During his professional engagement with the U.S. Department of State (1970-1994) in the areas of public affairs and public diplomacy, author of this book Daya Gamage was privy to Washington’s play book of foreign policy dealings with Sri Lankan issues. He gained extensive knowledge how U.S. Foreign Service Officers, and their counterparts in Washington, made crucial decisions, influencing factors on decisions, their mindset formation, and had access to their sensitive thinking. This wide understanding became rich fodder to the extraordinary analyses and interpretation of this book disclosing a link of that mindset formation to Washington’s trajectory hauling Sri Lanka to Geneva.
The author’s research, analyses, investigations and privileged conversations with American officials who enjoyed high security clearances, and interactions with US Congressional delegations – CODELs, vastly enriched his understanding the manner in which Washington managed and conducted its overseas foreign policy agenda in South Asia.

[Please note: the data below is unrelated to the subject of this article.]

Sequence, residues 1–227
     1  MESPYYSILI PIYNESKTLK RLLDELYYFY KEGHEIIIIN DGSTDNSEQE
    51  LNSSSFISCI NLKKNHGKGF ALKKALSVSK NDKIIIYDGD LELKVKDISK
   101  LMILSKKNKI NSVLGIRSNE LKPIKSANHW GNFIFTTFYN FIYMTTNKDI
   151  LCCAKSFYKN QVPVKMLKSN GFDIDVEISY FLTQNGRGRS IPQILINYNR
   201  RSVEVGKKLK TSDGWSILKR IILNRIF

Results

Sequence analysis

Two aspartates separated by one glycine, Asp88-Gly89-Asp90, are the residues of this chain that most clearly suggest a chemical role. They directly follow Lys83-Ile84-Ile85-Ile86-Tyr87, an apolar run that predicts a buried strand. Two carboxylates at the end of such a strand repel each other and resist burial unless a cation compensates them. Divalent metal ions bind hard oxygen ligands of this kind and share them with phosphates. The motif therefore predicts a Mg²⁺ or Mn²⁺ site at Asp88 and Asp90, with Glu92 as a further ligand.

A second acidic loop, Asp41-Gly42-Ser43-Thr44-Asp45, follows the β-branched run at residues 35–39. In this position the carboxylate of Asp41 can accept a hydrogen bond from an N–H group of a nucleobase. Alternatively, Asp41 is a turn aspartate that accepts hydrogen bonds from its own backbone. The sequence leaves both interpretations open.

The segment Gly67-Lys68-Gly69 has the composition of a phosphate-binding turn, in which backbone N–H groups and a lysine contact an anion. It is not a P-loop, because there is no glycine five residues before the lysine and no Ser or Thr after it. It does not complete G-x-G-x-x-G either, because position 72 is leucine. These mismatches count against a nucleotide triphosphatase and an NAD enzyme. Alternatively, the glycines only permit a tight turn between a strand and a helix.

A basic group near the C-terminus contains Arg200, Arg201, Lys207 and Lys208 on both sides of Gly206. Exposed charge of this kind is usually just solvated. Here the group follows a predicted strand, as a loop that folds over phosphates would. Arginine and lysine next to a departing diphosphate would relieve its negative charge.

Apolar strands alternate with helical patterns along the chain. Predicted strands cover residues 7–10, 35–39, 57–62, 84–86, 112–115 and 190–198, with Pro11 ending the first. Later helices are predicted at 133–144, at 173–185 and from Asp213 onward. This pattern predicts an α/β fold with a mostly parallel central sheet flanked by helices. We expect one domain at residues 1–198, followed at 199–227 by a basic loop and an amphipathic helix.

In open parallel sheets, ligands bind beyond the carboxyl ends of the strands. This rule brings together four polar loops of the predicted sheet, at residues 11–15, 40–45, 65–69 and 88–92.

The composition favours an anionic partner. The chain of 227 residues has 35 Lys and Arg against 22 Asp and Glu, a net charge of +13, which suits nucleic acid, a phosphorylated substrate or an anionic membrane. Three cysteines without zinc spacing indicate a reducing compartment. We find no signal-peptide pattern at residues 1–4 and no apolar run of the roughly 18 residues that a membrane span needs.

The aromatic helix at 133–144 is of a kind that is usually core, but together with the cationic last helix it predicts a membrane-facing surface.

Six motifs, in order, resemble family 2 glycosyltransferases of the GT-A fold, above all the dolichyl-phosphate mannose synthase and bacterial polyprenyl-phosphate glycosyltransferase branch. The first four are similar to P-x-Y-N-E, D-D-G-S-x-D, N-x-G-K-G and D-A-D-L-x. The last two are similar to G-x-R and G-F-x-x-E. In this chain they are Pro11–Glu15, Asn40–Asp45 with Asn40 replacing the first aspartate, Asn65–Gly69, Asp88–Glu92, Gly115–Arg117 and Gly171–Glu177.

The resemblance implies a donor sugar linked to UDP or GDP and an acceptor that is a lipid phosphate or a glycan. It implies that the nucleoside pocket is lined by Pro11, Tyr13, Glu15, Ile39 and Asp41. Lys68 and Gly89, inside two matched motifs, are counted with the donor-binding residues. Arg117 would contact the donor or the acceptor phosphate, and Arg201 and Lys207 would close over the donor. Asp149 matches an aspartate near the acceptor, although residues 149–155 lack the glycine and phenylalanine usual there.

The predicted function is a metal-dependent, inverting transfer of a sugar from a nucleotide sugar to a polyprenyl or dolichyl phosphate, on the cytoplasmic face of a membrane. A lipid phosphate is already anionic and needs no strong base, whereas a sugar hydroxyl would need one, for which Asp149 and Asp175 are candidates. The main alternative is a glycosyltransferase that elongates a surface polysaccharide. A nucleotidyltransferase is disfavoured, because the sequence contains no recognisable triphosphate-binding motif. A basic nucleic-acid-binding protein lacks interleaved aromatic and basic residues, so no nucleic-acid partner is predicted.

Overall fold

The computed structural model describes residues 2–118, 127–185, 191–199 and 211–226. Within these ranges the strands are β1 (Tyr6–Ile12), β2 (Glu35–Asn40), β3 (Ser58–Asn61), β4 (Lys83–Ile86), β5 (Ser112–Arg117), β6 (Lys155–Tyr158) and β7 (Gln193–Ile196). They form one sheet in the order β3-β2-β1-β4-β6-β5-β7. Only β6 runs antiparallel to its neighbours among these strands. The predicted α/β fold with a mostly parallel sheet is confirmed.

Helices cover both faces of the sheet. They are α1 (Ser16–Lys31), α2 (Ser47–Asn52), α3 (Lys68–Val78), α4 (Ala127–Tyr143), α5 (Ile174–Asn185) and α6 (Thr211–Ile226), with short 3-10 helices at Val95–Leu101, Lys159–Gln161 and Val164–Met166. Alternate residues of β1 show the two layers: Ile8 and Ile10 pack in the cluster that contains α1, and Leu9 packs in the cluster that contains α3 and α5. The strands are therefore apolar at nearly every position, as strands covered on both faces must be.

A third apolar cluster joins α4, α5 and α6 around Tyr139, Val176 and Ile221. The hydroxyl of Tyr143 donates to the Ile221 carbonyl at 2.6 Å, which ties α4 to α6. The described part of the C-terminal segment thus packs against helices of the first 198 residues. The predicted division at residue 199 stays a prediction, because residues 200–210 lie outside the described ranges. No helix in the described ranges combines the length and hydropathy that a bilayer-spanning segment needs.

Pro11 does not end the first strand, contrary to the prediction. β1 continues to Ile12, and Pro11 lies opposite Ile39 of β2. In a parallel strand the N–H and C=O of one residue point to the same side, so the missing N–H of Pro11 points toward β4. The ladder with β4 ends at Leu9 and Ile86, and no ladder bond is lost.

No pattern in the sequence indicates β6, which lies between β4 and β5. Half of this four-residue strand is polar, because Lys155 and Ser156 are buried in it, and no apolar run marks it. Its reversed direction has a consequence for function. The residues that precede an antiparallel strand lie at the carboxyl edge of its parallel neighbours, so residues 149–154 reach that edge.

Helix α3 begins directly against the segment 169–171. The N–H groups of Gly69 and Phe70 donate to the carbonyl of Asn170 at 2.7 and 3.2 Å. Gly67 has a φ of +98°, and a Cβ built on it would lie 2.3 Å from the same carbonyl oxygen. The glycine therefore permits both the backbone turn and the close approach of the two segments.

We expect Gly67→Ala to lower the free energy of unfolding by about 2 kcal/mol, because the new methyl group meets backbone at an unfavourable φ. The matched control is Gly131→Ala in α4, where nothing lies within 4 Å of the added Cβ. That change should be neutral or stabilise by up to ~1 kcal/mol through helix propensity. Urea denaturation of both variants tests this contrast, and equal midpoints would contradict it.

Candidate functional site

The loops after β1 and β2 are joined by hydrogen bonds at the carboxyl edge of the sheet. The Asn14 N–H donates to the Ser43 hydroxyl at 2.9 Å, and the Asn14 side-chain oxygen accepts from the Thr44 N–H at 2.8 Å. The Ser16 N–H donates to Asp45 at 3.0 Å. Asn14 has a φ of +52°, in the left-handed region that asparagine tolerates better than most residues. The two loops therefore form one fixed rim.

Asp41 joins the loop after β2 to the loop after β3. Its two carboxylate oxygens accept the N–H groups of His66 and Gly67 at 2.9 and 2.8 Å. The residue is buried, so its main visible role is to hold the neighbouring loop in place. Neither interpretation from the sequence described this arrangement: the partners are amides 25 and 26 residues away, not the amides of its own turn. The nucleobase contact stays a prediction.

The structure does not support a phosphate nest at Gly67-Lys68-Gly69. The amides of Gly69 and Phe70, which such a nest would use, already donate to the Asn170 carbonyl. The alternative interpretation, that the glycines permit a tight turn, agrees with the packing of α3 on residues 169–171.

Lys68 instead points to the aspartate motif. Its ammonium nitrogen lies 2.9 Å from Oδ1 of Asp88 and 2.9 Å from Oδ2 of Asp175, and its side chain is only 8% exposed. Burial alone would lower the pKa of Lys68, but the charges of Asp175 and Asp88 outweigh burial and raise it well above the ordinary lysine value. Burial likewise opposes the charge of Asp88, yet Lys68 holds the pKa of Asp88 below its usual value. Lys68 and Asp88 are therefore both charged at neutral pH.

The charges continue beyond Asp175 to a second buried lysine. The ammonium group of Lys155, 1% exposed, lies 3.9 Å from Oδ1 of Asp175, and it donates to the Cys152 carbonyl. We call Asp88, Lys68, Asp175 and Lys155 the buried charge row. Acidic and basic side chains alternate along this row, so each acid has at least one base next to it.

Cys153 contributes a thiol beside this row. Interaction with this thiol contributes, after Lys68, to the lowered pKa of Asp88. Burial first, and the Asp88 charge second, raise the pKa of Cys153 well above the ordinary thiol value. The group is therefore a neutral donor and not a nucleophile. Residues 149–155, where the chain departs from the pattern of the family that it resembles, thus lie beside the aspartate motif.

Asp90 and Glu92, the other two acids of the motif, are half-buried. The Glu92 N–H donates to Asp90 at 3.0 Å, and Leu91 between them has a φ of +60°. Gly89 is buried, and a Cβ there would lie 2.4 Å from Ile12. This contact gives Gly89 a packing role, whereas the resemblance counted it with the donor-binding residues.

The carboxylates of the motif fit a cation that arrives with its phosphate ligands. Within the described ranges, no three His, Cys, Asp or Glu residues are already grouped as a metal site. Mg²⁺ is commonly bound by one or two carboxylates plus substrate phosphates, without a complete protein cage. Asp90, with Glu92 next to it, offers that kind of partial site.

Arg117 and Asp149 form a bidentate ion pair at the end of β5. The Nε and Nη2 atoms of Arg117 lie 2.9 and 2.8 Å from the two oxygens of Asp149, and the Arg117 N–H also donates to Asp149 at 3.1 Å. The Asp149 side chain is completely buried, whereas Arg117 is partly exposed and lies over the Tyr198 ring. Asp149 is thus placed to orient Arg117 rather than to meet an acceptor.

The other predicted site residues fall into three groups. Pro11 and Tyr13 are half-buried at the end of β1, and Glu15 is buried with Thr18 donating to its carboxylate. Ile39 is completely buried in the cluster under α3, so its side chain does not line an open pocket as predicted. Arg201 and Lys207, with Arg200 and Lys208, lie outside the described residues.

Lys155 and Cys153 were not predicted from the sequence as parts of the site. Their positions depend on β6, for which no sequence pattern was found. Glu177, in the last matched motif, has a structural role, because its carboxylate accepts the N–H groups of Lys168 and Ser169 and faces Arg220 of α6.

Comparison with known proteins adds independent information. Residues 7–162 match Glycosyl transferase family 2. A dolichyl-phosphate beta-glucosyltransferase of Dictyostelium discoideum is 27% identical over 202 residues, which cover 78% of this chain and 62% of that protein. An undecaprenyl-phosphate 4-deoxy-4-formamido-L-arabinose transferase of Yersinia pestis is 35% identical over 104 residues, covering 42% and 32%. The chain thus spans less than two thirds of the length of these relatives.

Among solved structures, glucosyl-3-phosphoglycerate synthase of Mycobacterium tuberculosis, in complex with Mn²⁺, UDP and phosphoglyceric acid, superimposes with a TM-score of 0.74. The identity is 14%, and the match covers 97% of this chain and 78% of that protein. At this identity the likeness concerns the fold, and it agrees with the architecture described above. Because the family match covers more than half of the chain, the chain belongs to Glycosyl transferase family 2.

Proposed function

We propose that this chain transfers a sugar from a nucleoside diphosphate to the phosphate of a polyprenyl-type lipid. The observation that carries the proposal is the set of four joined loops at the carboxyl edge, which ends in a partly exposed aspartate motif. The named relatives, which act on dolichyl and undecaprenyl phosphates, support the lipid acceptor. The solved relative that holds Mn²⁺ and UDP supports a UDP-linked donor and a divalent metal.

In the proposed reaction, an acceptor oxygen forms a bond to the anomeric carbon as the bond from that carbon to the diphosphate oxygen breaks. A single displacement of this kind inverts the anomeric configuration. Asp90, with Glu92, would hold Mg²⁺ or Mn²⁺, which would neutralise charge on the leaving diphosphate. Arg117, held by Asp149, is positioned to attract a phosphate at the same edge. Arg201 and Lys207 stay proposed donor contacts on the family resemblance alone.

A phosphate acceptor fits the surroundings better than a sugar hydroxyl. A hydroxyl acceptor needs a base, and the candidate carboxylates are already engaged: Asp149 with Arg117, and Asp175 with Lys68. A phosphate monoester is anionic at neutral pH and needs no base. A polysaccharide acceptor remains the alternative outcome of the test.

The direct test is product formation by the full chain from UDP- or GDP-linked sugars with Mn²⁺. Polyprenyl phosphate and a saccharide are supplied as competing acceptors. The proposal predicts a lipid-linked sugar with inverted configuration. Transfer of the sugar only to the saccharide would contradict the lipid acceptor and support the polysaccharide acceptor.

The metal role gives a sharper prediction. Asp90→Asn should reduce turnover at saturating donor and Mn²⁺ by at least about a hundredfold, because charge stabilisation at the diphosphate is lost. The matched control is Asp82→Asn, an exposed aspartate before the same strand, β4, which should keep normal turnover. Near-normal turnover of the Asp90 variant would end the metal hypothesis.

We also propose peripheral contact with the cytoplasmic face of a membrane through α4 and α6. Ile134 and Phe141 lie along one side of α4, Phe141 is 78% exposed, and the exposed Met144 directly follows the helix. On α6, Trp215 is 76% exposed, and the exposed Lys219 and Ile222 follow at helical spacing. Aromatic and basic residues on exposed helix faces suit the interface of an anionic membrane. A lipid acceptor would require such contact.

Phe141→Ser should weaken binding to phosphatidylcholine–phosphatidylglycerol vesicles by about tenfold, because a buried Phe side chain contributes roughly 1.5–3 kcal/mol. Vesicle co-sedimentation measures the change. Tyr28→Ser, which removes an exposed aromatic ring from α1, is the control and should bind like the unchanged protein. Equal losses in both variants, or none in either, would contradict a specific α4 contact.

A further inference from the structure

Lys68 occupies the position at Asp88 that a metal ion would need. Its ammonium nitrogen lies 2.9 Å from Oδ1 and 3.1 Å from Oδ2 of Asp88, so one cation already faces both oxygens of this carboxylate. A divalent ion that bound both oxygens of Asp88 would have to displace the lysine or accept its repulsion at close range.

The wide range of contacts the author maintained with Sri Lanka’s military at all levels, intelligence agencies, members of the ruling and opposition elite and civil society members during and since his tenure at the U.S. diplomatic post in Sri Lanka enriched his knowledge, and such insights were used to produce valuable interpretations in this book.
The author was in a unique position to unlock his understanding of American foreign policy trajectory toward Sri Lanka, hitherto unknown to outsiders, to take the conversation toward a different direction and contribute to the already existing rich literature on these issues.
Daya Gamage earned a Meritorious Honor Award for Superior Performance and Professionalism in 1988 from the U.S. ,State Department. He is currently political-foreign affairs correspondent to this online daily newspaper Asian Tribune. – Asian Tribune –
Daya Gamage: “What Trump may bring to the US Table on Sri Lanka in contrast with Clinton’s ”Humanitarian Imperialist Cloak”, 14 November 2016, https://thuppahi.wordpress.com/2016/11/14/what-trump-may-bring-to-the-us-table-on-sri-lanka-in-contrast-with-clintons-humanitarian-imperialist-cloak/